By Mark Hurwitz
Major Leonard Vassall, owner of pews #10 and 11, was born in Jamaica in 1678. Before he moved to Boston in the early 1720s, he owned several large sugar plantations with slaves in his native Jamaica. He was a staunch Episcopalian, became a member of Old North, and was elected warden in 1727. In that same year he built a house on present day Summer Street in Boston. In 1730 he bought several parcels of land in Braintree (now Quincy) to build a home, which was later purchased by John and Abigail Adams. It is today known as the Adams National Historical Park. By the early 1730s, Vassall helped establish Trinity Church in Boston by selling land to build the church. He died at the young age of 59, leaving behind his two grown sons, Col. Henry Vassall and John Vassall Sr.
In 1759, Major John Vassall Jr. (grandson of Major Leonard Vassell) built what is now known as the Craigie-Longfellow House on Brattle Street in Cambridge. He demolished the structure that previously stood there and built a new mansion. The home became his summer residence with his wife Elizabeth and their children until the 1770s. Interestingly, his wife’s brother, Thomas Oliver, then Royal Lieutenant Governor of Massachusetts, fled Boston with his family in 1774 as Loyalists.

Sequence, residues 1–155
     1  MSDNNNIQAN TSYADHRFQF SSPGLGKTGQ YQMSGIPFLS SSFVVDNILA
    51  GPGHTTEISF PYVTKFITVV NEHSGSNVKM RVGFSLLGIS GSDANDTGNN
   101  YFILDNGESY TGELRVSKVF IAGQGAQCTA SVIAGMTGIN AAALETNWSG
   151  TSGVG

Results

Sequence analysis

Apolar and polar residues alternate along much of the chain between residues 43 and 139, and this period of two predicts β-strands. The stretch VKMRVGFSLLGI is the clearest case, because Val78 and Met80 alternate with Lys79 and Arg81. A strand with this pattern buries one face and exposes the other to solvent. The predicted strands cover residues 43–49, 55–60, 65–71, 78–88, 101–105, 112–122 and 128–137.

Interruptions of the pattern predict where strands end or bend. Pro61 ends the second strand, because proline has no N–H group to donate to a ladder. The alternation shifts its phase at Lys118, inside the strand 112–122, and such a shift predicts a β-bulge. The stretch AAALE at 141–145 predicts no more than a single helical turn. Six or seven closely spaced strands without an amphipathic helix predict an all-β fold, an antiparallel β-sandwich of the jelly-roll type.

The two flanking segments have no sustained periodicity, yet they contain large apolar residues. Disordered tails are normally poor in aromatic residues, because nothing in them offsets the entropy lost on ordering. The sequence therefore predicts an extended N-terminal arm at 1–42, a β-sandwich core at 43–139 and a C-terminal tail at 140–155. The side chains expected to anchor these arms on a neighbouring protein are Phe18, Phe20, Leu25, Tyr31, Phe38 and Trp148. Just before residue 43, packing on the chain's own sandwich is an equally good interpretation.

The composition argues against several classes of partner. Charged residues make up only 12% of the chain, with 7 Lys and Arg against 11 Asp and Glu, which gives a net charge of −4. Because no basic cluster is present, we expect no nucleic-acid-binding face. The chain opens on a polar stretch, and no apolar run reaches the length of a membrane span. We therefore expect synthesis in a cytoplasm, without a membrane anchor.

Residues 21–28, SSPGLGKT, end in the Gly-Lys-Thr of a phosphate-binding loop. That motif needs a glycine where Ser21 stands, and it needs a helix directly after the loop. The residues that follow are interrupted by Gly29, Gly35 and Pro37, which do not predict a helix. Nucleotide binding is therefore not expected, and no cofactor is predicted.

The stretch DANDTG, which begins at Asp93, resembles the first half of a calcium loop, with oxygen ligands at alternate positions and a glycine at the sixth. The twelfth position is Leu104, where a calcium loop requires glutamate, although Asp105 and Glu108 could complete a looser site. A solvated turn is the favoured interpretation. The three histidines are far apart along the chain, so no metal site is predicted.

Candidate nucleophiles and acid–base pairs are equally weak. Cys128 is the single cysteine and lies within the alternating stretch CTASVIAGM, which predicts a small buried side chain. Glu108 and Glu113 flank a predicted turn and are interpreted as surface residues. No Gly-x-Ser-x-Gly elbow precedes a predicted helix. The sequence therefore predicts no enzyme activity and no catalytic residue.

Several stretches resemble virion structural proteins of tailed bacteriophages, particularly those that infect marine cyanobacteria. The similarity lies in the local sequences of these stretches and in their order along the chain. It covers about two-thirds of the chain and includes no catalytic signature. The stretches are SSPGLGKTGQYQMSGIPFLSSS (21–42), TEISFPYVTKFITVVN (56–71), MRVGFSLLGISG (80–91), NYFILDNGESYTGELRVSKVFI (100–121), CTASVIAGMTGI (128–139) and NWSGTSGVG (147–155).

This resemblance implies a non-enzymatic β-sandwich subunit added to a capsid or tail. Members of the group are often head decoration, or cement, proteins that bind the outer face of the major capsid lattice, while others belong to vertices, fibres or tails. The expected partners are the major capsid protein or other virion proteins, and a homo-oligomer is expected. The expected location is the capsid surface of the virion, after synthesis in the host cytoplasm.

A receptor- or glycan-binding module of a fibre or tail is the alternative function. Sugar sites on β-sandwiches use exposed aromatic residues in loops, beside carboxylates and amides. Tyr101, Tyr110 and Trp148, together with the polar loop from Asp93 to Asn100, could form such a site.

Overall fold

In the days after the Battles of Lexington and Concord in April 1775, the Craigie-Longfellow House was used as a temporary hospital. Col. John Glover and the Marblehead Regiment occupied the house as their temporary military barracks in June, and General George Washington, Commander-in Chief of the Continental Army, moved in that July to establish his military headquarters until he left in April of 1776. Into the 19th century, the house served a variety of boarders (including Josiah Quincy and Henry Wadsworth Longfellow) due to its proximity to Harvard. In 1843, Henry Wadsworth Longfellow purchased the home with his wife Fanny, and their family made the house into a vibrant cultural center for their literary friends. During his time at this house, he wrote his famous Paul Revere’s Ride, which turned Old North into a national icon.